The EP is sort of a collection of older tracks from that period, and newer tracks. We planned to record the EP a while back - but we did it ourselves in Jess’ bedroom, so we really just wanted to take our time with it. Although we were getting frustrated with how long it was taking, we’d rather put something out that we were really proud of as opposed to just rushing it. We learnt a lot from it, so I think it’ll be a quicker process next time, which won’t be too far away.

Does it feel like this version of ZUMA is the most reflective of what you want to do?

So Alex [Latham] came on board, but before her we had Imogen who had to leave. Alex is great, she plays a bit of keys and sings, and Pat [van Wegen] also joined on synth, which meant we’ve probably progressed a lot from more guitar driven music to a lot more synth orientated stuff. Pat’s got two synths onstage which just allows us to sound how we want to sound, with that full synth sound that we’re pretty interested in.

I managed to score a sneak preview of the EP and it sounds really great - there’s a very cool mixture of all the different kinds of modern psychedelia, with those big synth-heavy psych parts, the brighter, poppier moments, or the faster and louder garage-pysch stuff, but you’ve still managed to it sound pretty cohesive. What was the process of putting the EP together and what kind of influences were seeping in?

The tracks are kind of from time periods which probably explains that. We’re into lots of different kinds of music from that psych world, and the earlier stuff like ‘Coming of Age’ and ‘Falling off the Edge’ are from earlier on - two of the darker, slow-burner rock tracks, they’re a bit smoother. Then we got into some brighter, well a lot more brighter stuff later on which you hear on other tracks, and I think we’ll continue in that direction. We’re kinda happy it came out that way – we’ve got some brighter moments and there’s also some darker, heavier stuff because we love both.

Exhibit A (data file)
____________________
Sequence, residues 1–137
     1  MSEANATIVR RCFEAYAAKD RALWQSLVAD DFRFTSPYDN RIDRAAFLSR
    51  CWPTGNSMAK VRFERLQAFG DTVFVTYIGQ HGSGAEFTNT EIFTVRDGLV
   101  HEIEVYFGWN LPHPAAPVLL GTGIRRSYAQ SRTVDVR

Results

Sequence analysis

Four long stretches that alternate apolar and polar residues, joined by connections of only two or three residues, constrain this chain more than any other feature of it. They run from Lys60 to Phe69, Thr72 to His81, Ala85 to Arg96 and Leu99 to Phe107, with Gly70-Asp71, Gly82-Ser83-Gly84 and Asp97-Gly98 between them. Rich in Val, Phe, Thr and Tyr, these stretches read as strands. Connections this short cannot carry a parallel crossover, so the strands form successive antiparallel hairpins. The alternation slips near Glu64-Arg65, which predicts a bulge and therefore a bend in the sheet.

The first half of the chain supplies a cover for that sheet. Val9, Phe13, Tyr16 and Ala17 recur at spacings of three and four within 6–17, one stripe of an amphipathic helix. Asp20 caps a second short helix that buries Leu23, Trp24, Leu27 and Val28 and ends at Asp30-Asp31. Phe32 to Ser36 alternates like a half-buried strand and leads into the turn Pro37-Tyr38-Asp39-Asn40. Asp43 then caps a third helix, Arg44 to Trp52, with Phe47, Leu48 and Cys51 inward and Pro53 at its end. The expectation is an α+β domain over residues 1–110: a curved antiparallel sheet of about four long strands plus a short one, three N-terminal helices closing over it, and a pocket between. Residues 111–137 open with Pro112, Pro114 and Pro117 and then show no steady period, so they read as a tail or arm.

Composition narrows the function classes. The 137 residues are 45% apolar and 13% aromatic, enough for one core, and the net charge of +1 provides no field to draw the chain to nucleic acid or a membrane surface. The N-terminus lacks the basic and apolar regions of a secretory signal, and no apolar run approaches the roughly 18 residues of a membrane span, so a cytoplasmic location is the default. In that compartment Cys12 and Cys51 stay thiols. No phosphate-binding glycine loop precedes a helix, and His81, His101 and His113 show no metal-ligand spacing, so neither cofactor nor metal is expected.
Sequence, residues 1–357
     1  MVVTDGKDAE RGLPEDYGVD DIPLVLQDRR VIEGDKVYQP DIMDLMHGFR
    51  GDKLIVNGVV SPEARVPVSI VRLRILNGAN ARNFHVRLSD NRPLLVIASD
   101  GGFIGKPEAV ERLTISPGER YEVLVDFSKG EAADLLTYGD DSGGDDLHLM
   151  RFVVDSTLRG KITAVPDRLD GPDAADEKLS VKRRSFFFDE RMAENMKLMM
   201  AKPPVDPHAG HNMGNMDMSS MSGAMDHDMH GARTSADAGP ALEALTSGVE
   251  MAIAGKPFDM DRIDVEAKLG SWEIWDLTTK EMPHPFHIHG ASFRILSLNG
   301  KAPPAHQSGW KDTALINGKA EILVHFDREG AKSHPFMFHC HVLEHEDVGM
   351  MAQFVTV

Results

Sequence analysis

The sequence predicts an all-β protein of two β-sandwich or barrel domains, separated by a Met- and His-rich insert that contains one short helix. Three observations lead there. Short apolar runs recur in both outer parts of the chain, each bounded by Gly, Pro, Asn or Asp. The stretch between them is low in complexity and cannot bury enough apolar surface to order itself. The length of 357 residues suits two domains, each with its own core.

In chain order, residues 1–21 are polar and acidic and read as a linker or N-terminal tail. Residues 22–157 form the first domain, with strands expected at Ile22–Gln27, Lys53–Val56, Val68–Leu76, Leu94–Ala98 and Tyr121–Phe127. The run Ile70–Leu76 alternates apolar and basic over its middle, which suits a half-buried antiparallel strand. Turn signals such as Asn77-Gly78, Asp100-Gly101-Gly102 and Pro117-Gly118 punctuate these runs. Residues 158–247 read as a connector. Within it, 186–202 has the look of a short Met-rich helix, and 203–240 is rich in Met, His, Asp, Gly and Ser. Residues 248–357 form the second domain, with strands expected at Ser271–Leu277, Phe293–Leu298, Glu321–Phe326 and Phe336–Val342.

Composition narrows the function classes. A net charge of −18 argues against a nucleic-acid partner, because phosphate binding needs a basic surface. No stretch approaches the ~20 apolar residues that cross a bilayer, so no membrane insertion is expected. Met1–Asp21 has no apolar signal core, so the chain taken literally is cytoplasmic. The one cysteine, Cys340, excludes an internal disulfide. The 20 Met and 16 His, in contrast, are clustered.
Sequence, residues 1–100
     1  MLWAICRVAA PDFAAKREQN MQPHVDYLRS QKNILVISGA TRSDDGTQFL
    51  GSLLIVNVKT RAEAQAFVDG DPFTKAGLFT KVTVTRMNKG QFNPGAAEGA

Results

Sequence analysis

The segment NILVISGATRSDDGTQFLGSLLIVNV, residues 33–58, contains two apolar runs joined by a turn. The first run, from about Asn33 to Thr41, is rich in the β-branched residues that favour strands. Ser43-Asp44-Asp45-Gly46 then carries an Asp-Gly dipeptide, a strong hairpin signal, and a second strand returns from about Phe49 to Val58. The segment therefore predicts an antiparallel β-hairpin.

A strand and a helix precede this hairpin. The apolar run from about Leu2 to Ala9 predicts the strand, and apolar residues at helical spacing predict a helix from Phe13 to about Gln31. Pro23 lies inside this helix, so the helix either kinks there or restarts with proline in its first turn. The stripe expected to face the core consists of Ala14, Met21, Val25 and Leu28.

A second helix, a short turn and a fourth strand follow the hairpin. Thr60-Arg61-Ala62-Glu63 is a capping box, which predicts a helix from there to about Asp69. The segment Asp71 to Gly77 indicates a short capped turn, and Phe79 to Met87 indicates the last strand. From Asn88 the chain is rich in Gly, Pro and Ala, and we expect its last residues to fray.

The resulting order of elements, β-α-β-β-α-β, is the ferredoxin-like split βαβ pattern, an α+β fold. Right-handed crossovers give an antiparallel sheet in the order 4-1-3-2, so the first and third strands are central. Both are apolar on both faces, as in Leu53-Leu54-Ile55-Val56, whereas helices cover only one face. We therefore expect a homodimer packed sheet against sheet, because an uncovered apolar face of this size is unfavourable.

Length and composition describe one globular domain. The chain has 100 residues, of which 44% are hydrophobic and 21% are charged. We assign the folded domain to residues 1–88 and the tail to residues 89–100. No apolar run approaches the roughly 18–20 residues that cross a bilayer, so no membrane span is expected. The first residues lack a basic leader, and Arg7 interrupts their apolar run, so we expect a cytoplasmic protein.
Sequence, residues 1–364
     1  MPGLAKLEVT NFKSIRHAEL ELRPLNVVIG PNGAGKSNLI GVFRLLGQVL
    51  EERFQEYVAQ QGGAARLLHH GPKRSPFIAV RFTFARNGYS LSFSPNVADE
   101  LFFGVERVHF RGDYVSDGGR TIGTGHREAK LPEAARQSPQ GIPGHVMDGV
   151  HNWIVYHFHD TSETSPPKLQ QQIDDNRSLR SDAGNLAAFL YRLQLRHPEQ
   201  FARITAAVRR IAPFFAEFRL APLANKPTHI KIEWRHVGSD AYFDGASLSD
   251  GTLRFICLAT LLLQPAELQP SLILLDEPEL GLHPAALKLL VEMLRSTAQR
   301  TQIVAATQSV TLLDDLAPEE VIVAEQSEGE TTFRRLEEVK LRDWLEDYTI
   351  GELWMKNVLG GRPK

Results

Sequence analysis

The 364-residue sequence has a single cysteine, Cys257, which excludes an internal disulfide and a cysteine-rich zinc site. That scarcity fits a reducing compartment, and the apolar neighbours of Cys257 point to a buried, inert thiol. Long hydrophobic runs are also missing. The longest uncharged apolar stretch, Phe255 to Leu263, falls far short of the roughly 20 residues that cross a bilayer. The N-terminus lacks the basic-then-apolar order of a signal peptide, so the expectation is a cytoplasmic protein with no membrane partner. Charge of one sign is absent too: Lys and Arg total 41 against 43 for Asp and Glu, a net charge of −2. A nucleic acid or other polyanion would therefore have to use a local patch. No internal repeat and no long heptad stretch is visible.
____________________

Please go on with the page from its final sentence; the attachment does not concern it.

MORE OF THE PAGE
With the production, we’re not trained or anything - Jess has done really well to learn Ableton and he’s great with all the technical stuff, and he recorded it all - which allowed us to just have our say. We knew what we wanted and I feel like our ears have developed enough for it to come out sounding good, in our opinion at least.

It’s not the most straightforward listen - it’s pretty wild - and even within the tracks, they feel a bit like journeys rather than just verse/chorus. Were there any moments when you putting it together where you were like “holy shit, this sounds way bigger than what we intended” and caught yourself by surprise?